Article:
reviewing your online footprint

I am trying to remember what my adult life was like before cell phones and the internet, when staying connected simply meant phoning or visiting people and I gathered information by visiting a library or purchasing a newspaper.

In my first career as an actor, I recall phoning my apartment to collect messages left by my agent. I had headshots and resumes printed and I handed them across the casting table at each audition. Socially, friends and family would call to chat and we’d set dates to visit. If they didn’t show up, you’d go home and find out later what happened.

Eventually I got a computer for efficient document creation and, with the advent of basic internet, I started to use email and I published my first webpage. Somewhere in there I got a pager (which required finding a pay phone to call back the number on the readout) and then quickly graduated to a flip phone. Years later, the smartphone exponentially increased my productivity and the two-way flow of connectivity.

Fast forward to now. Technology has a steady presence in my life and I make use of various apps and gadgets. But if you have read my posts and articles over the past six years, you know I go through phases of access overload. I have written about “no gadget nights”, digital detoxing and withdrawing from Facebook. These themes illuminate my minimalist mindset and the essential message in my coaching practice: simplify your life so you can get to what matters most.

We all can think of good uses for the internet, social media and smart phones. My invitation to readers is simply to mindfully inquire about their digital life. A useful way to go about this is to do a total assessment, an exercise I have done with my coaching clients. Here are some questions to help you determine what you really want and need.

Chart your digital connectivity

  • Start with the ‘what’. Write down all the ways you interact with the internet and social media and list what technology you use. Separate job activities from personal.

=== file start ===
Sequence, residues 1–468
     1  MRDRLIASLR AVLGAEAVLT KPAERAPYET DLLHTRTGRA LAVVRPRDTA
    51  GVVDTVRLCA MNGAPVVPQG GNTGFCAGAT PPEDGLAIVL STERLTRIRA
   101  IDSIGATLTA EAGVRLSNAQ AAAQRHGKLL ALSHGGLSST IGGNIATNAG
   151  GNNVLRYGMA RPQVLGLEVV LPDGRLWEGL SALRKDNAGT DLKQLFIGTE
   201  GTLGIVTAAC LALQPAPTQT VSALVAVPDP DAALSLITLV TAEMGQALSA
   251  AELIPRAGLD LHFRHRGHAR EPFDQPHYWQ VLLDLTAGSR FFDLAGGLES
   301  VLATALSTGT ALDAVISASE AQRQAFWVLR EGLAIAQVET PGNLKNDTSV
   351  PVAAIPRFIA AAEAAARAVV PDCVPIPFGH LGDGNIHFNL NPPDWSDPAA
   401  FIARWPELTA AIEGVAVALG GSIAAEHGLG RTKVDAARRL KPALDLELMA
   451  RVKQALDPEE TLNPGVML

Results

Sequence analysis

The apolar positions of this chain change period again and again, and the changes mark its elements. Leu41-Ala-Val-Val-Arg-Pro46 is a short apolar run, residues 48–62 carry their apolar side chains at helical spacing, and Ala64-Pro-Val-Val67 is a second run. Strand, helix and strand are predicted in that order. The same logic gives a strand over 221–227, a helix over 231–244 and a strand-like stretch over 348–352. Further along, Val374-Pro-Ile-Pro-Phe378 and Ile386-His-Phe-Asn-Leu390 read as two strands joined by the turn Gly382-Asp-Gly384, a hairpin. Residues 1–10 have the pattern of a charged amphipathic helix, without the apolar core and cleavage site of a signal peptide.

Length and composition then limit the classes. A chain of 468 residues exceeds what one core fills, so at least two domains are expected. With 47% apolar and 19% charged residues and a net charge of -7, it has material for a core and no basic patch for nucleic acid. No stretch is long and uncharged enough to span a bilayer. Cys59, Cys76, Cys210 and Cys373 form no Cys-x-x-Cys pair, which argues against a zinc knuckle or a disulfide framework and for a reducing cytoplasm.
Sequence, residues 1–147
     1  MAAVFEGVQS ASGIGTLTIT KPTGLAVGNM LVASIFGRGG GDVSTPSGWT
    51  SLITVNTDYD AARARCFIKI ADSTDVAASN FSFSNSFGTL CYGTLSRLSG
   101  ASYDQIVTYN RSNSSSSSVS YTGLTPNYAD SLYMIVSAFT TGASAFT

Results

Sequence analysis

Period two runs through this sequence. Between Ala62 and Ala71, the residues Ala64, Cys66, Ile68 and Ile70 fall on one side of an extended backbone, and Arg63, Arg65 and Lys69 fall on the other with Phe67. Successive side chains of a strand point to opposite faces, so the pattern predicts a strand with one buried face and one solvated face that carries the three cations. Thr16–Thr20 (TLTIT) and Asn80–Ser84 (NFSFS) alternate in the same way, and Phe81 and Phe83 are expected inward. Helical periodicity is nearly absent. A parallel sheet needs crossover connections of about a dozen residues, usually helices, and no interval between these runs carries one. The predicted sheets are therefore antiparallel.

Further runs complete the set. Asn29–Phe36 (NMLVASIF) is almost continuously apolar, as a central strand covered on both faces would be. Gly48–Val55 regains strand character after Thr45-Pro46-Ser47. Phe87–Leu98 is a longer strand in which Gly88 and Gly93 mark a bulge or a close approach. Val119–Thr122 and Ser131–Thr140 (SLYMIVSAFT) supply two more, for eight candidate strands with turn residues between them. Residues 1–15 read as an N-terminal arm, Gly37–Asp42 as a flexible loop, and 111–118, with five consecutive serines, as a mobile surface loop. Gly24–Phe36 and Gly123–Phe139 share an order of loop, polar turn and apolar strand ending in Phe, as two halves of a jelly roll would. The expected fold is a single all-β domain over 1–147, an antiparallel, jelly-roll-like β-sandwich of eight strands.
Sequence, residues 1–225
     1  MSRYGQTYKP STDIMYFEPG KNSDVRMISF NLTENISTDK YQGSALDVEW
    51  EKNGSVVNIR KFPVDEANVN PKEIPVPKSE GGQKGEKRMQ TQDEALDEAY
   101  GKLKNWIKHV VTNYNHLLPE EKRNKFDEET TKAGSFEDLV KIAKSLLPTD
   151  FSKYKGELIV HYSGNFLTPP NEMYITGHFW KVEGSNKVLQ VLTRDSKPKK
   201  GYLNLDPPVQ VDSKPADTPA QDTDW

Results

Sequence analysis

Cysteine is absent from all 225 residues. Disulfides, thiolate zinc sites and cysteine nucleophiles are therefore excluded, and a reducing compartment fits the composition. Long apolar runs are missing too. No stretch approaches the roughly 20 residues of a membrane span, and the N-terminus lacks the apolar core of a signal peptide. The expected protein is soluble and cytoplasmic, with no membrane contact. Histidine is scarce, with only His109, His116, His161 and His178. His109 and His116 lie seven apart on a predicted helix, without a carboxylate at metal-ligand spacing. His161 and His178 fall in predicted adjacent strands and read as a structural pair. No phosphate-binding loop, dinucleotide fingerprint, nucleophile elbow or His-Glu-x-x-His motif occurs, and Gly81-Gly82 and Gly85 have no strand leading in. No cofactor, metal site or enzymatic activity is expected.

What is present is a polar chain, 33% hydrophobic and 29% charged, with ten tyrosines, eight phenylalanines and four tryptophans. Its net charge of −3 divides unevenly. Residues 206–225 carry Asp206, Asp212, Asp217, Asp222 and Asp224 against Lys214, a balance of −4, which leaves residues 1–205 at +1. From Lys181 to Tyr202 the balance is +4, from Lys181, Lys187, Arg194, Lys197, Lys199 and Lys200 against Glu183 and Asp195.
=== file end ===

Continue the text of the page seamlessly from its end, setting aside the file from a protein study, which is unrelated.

• How often are you engaged? (Time spent)
  • The next layer is the ‘why’. Explore the reasons for these interactions. Are they timely (texting you’ll be late for dinner) vs not required (killing time)

Design a Strategy

What have you noticed about your online involvement? How would you ideally like to be connected? Assess your desire and tolerance. For example, if you are feeling blue, you may opt for more positive interactions. If texting and messaging is interrupting what you are doing, or it is taking up too much time, reduce notifications or call someone to complete a conversation.

Name your values and purpose

Understanding your overall objective of how you wish to live your life becomes an easy buffer for your strategy. Between wanting to keep updated on family activities and being aware that you value privacy, you can find a satisfactory balance. If it is important to you to make a difference in your community, then your strategy can prioritize that objective.

Share your plan with others

We all have different experiences with connectivity and various related assumptions and expectations. Communicate clearly your preferences so it is not a surprise to others. And look for advocates to support your position so that you are not being swayed in a direction that does not serve you well.

To demonstrate this assessment, I will share a little of what I recently discovered about myself. I notice that I spend too much time checking and reading the news, usually on Twitter. It used to be my way of getting up to speed on headlines, with its short nature not taking up time. Now I’m going down rabbit holes of analysis, which quickly leads to characters lacking civility. My strategy is to remove the app from my phone. I’ll go back to reading the headlines on my desktop in the morning, when I have little time to indulge with a lineup of work ahead of me. I will look to individuals and organizations that reflect my value of integrity and my purpose of evoking possibility.

A larger issue is how information overload threatens to paralyze me. Rather than turning the news off, I am giving myself permission to channel my energy into one world issue and I think this focus will be engaging and inspire me to take action.

This may seem like too much thought over something so tangible as digital connectivity, but as a minimalist, I know decluttering all areas in my life provides clarity and peace. Perhaps start by simply noticing how you are feeling after each interaction and contemplate what changes you may want to make that contribute to your wellbeing.

Are you looking to pare down and slow down in various areas of your life? I can help with that! Contact me and set up a consultation and inquire about how coaching can assist you. Email: